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Burnet County subdivision brings real estate battle to Commissioners Court

Burnet County Commissioners Court on Jan. 25, 2022

Looking over a map of property in and around the Blacksmith Ranch subdivision in northern Burnet County on Jan. 25 were County Judge James Oakley (left), Precinct 3 Commissioner Billy Wall, county Development Department Director Herb Darling, and Precinct 4 Commissioner Joe Don Dockery. Staff photo by Suzanne Freeman

Burnet County Attorney Eddie Arredondo was tasked by the Commissioners Court to explore what degree of authority the county has in a subdivision dispute between Blacksmith Ranch residents and Recreational Land Sales LLC. 

About 20 residents filled one side of the Burnet County Courtroom in Burnet during the Commissioners Court’s regular meeting Tuesday, Jan. 25. A representative of the real estate company, which is selling lots in an adjacent subdivision called Cross Timber Ranch, sat in the back across the divide. 

The two groups are separated by more than a span between pews. One resident testified that she felt the company had tried to bribe and then threaten her. Others told commissioners that deed restrictions were not followed and the company ignored a cease-and-desist order from an attorney representing one of the residents. 

Blacksmith Ranch is located off of County Road 106 on the Lampasas-Burnet County line, a border becoming plagued by development disputes as Austin’s growth moves west. The lots are about 32 acres each, which is written into the deed restrictions. 

Recreational Land Sales has been selling 5-acre lots in a 100-acre section of land that is part of Blacksmith Ranch but is being subdivided by Cross Timber Ranch. So far, around 13 of the 20 lots have been sold. Cross Timber Ranch has entrances on CR 104 and FM 1478. 

Residents pleaded with the Commissioners Court to suspend the permitting process on that section of land until the issue could be settled, either through negotiations or in a court of law. Blacksmith Ranch residents filed a lawsuit against the real estate company Jan. 24, the day before the meeting. 

“I’m asking for your help,” resident Linda Nash said. “They swooped in and did not get permission. Now, we have to pay because we did everything right. That doesn’t make sense. To let someone out of the blue come into our county and do this to us is not right.”

County Judge James Oakley asked county Development Department Director Herb Darling if the deed restrictions requiring that lots be about 32 acres were on record and if the real estate company presented deed restrictions when it filed plats for the 100 acres. 

“The code requires they be provided if they exist,” Darling said.  “We don’t have to go looking for them. The restrictions existed, but they were not presented to me (by the real estate company).” 

Oakley called the county’s position precarious. 

“We cannot enforce deed restrictions as a county,” he said. “This is a civil issue. I’m concerned about our authority based on the information we have. But, you remember the old adage about pulling the wool? Well, the wool got pulled a little bit on this.”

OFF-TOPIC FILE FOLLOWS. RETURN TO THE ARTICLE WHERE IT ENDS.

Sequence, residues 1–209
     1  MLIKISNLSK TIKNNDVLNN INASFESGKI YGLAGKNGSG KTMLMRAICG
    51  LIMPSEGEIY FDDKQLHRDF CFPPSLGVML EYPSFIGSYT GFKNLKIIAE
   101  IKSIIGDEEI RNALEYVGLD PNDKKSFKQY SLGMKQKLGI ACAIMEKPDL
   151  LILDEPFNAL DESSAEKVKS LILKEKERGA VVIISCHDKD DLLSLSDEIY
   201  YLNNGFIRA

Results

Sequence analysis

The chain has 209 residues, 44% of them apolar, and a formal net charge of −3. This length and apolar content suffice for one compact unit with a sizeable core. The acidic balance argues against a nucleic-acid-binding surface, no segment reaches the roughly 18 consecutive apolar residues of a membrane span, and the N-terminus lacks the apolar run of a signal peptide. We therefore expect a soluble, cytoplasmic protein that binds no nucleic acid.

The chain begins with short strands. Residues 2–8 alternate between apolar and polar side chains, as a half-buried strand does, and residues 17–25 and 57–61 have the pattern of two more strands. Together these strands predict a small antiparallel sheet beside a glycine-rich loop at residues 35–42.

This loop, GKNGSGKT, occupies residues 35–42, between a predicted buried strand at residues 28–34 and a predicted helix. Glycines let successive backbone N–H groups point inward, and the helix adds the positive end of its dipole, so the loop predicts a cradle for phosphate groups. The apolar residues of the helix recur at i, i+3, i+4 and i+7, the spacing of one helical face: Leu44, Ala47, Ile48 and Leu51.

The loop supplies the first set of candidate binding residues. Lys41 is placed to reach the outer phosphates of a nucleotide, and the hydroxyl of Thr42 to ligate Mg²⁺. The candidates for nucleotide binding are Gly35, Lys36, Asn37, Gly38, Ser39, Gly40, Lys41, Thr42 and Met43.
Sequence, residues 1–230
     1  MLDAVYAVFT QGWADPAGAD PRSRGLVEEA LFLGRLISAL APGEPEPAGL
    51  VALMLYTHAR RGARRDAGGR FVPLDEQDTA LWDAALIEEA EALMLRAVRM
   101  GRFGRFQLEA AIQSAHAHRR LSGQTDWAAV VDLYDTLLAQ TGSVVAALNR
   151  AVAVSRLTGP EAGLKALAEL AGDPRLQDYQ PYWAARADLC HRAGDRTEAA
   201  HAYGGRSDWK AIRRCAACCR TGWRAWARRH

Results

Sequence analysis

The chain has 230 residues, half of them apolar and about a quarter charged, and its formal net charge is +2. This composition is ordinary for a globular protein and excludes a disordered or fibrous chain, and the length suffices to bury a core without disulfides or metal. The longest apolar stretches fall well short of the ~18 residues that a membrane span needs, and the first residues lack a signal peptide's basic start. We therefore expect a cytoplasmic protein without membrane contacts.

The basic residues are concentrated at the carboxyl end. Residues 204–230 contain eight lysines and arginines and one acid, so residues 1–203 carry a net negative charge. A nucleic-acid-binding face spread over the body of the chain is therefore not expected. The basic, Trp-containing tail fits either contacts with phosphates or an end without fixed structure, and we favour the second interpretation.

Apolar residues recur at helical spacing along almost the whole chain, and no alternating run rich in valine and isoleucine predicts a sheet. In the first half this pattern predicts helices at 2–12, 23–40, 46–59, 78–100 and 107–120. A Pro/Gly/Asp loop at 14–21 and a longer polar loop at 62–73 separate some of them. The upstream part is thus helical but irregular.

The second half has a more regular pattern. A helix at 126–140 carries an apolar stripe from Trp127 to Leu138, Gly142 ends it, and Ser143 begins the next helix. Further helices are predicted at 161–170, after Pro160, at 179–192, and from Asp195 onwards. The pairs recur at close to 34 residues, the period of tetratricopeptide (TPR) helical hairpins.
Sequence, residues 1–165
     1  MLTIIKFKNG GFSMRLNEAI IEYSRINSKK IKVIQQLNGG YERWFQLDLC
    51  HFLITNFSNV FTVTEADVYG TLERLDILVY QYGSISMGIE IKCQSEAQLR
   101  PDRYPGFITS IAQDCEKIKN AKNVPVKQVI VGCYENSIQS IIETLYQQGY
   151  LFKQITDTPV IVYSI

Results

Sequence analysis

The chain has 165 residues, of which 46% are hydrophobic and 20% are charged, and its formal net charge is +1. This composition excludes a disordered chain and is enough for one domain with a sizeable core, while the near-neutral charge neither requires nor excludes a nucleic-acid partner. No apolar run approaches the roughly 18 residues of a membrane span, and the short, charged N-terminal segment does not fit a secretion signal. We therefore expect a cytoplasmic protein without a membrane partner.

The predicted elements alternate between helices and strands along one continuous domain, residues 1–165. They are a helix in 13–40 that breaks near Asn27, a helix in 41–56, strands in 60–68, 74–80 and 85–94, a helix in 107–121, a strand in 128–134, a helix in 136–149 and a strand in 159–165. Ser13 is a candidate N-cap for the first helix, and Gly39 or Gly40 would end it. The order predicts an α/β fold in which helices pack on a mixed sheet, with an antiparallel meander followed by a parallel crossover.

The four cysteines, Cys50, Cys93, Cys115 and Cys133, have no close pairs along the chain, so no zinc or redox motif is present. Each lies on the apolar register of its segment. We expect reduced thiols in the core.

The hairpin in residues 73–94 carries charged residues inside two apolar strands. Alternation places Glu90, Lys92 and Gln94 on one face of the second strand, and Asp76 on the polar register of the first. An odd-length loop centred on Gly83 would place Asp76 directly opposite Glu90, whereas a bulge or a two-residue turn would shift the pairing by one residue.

Attorney Joanne Hatton, who represents the real estate company, told the Commissioners Court the deed restrictions did not prohibit subdividing the 100 acres in question. 

“(The deed restrictions) contemplate subdivision with approval of an ACC (Architectural Control Committee), which did not exist at the time,” she said. “It’s our opinion those deed restrictions were not applicable.” 

The company wants to work with the landowners to come to an amiable solution, she continued.

“We can’t unsell the property,” she said, contending that to deny permits to future homes would mean permits would have to be denied to the already existing homes in Blacksmith Ranch. “The people in Blacksmith Ranch can’t take down their houses and fences. My client and I understand the position they are in. They have thoughts that things would go a certain way. Under the law, these restrictions are very much not enforceable.” 

She also warned that to deny permits would set a precedent “that all other development in the area would not be permitted.” 

County Attorney Arredondo recommended “putting on the brakes.” 

“I don’t think we ought to be allowing permits for 9-1-1 addresses and building permits unless it comes through the court,” he said. “Let the parties go to court and figure out what the court has to say. This is not for Burnet County to decide. This is for a court to decide.” 

He advocated putting a pause on permits because “if homes start getting built on that property, it will compound the issue.” 

Precinct 4 Commissioner Joe Don Dockery made a motion authorizing the county attorney to investigate the county’s legal role in the issue. Arredondo suggested the county might eventually want to join in the lawsuit. 

Precinct 1 Commissioner Jim Luther seconded the motion. He also made a motion to stop the permit process. No one seconded that motion. 

“The reason I did not second (Luther’s) motion is because I want the county attorney to first decide whether we have the authority to withhold permits,” Dockery said. 

Dockery’s motion for the county attorney to make that determination passed unanimously. 

suzanne@thepicayune.com